Most international attention on East Asia today is sharply focused on North Korea’s nuclear and missile developments. But this does not mean that we can neglect the significant developments taking place in Japan’s domestic political landscape. Since winning the December 2012 elections, Prime Minister Shinzo Abe’s government has maintained a commanding majority in the national Diet, and Abe himself is sometimes called ‘all-powerful Abe’.
His is a strongly right-wing administration, backed by organisations of nationalist and reactionary character, such as the Nippon Kaigi (Japan Conference), to which most members of the cabinet and Diet belong. Revision of the 1947 ‘peace constitution’ also remains a vital aspiration of Abe and his government, despite the high hurdles that must be surmounted to achieve this.
Recent events concerning press freedoms appear to point to the media’s independence weakening. One of Abe’s early acts after his return to power in December 2012 was to make senior appointments to NHK — the public broadcaster — of individuals with far–right political persuasions.
Now it is the Japanese English language press that appears to be under attack, although it is difficult to ascertain the extent of the Abe government’s role in this. For many years the leading English newspaper, the Japan Times, maintained a rather unbiased political stance. It was owned by an auto-parts manufacturer called Nifco, whose chairman, Toshiaki Ogasawara, worked to ensure that the paper remained balanced. But Ogasawara’s death in November 2016 prompted Nifco to sell this loss-making asset in June 2017 to the News2u Holdings group, which took over full ownership.
Under the new Director and Executive Editor, Hiroyasu Mizuno, the Japan Times is shifting its line to that of clear support for the Abe government. Many believe that Mizuno has close links with the right-wing entrepreneur Yoshito Hori. Signs of this shift include regular columnists Sir Hugh Cortazzi and Jeffrey Kingston — both distinguished Western scholars of Japan — as well as a Jiro Yamaguchi, a leading liberal commentator on Japanese politics, all having their contracts terminated.
It appears that the new owners are determined that the Japan Times should align with the Abe government.
These developments have occurred in a period when the ‘all-powerful Abe’ has been losing popular support. The majority support recorded in public opinion polls has fallen by 10–20 percentage points. This drop reflects two long-running corruption scandals involving educational establishments, one of which — with top-level political support — was teaching far-right nationalist ideas.
Another factor in the drop was Tomomi Inada’s alleged poor performance as defence minister — the second woman to ever hold that position. Inada, a close ally of Abe, came under fire in relation to a cover-up of Japanese participation in UN peacekeeping in South Sudan. Women at the top level in Japanese politics are rare and struggle to make an impact. This was also true of Renho, who resigned recently from the leadership of the opposition Democratic Party and was replaced by Seiji Maehara, who is eager to shift the party to the right.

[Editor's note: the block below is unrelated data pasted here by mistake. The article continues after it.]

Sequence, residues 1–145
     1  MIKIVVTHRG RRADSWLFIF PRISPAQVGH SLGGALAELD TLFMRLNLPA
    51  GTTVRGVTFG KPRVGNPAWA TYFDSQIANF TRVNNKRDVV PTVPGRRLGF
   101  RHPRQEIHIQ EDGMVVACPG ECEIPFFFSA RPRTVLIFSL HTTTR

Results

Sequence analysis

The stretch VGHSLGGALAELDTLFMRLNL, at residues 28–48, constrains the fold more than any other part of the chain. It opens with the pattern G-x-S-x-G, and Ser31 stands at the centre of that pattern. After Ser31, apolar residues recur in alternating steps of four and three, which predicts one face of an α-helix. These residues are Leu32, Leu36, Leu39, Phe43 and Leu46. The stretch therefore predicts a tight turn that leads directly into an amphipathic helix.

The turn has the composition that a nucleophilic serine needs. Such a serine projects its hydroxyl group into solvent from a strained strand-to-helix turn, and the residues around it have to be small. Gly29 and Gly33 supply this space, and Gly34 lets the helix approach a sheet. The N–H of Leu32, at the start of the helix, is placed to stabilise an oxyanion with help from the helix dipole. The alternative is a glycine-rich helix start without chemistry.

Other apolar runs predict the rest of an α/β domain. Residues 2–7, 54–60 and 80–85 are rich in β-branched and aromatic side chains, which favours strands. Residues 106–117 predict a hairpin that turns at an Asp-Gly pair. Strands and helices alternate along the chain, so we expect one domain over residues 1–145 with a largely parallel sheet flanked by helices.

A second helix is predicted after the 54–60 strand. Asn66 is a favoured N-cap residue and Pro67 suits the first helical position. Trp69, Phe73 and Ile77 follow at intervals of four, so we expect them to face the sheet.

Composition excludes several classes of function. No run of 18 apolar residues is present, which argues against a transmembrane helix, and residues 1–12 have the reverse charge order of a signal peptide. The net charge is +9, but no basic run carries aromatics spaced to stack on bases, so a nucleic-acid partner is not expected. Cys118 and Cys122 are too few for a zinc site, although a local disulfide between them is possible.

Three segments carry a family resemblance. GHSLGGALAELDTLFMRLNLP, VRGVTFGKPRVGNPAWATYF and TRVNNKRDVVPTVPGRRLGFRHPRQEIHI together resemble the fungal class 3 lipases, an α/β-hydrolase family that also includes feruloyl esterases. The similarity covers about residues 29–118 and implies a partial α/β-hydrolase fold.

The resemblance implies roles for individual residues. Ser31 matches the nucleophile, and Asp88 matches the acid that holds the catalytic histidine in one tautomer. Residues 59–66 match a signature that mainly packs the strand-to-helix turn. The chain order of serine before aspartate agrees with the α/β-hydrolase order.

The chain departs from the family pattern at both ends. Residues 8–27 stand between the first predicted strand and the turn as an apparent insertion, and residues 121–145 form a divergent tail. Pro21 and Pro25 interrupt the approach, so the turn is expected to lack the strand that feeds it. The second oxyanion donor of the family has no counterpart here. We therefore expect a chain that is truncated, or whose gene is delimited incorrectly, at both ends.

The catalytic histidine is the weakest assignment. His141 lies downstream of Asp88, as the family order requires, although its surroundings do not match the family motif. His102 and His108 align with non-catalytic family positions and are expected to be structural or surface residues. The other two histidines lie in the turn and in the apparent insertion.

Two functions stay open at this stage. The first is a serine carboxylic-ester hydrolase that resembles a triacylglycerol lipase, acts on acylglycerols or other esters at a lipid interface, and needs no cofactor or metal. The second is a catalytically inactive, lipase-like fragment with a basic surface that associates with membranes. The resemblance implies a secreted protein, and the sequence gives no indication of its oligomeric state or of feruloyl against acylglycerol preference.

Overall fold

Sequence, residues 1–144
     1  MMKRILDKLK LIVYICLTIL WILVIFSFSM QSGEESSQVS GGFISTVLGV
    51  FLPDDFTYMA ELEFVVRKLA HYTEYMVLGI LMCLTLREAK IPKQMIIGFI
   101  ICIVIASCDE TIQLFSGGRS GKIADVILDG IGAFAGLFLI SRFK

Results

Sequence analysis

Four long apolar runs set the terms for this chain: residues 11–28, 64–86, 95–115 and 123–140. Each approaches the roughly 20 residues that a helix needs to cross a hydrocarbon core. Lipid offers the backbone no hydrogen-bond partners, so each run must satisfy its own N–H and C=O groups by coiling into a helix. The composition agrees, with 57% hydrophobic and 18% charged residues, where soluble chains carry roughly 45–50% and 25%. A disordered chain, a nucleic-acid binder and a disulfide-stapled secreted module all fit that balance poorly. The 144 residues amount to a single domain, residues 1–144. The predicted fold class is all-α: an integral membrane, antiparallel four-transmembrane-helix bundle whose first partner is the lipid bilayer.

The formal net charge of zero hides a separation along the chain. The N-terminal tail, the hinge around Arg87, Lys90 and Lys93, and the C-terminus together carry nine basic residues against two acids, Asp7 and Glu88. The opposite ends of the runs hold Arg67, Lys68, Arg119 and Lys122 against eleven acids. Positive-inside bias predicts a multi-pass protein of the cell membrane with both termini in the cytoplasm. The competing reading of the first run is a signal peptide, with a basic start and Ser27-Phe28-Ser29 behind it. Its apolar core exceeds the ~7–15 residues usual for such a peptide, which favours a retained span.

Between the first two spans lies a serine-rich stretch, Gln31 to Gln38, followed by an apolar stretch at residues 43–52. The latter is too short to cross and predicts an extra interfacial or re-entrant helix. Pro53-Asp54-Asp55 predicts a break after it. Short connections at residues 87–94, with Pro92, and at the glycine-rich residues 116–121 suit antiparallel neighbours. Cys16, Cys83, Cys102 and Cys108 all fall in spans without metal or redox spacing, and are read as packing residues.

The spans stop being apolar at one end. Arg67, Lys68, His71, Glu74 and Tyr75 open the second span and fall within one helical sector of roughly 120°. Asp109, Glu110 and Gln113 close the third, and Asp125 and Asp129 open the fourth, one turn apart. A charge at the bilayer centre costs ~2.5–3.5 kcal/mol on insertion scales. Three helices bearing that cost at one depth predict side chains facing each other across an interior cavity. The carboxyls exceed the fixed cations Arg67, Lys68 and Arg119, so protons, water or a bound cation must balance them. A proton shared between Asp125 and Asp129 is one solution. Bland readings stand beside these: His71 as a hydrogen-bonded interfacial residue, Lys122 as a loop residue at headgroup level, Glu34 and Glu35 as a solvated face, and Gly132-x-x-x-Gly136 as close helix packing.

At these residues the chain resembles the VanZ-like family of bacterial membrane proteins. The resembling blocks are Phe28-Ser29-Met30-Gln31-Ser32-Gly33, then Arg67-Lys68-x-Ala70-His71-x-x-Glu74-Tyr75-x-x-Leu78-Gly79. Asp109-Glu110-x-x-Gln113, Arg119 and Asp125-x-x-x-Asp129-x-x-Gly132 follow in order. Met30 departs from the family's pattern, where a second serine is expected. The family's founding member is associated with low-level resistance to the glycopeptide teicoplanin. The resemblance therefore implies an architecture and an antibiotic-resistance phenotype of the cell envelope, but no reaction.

On the other hand, Yuriko Koike, who was Japan’s first female defence minister, scored a spectacular victory in the Tokyo prefectural elections as part of her newly formed party, the Tomin First no Kai (Tokyoites First). Koike successfully challenged and won the governorship of Tokyo against Abe’s Liberal Democratic Party (LDP). Her political ideology does not greatly differ from that of the Abe government, but she is believed to harbour ambitions to become Japan’s first female prime minister.
In a cabinet reshuffle in August, Taro Kono was appointed foreign minister. This is an interesting appointment, given Kono’s propensity to challenge government orthodoxy on issues such as nuclear power stations, of which he is highly critical. In 1956 his grandfather Ichiro Kono, then-minister of agriculture and forestry, took part in negotiations with the Soviet Union to restore diplomatic relations, so improving relations with Russia may well be a priority for him.
There is a sense in Tokyo today that the end game for the Abe government may be approaching. But its grip on power is far from fatally weakened, and the threat from North Korea may work to reinforce its position. The leading contenders to succeed Abe are former defence minister Shigeru Ishiba — who continues to press for more forward defence policies — and Fumio Kishida, a former foreign minister and faction leader with relatively moderate policy positions.
An important factor in all this is the revival of factions within the LDP. Yet these factions perform different functions within the party than what they have previously. Up until the 1990s, factions were powerful top-down organisations dependant on the fundraising capacities of powerful leaders, but today their members are more equal and less controllable. While in recent years factionalism has been widely seen as replacing the structures of a monolithic party under a single powerful leader, currently factions are regrouping in anticipation of a leadership struggle.
The coming period in Japanese politics might hold some surprises. It might even restore the principle of press freedom as a key democratic principle.
Arthur Stockwin is an Emeritus Fellow of St Antony’s College and founding director of the Nissan Institute of Japanese Studies, University of Oxford.
John Menadue has also posted on this topic
The Japan Times refused to publish the article.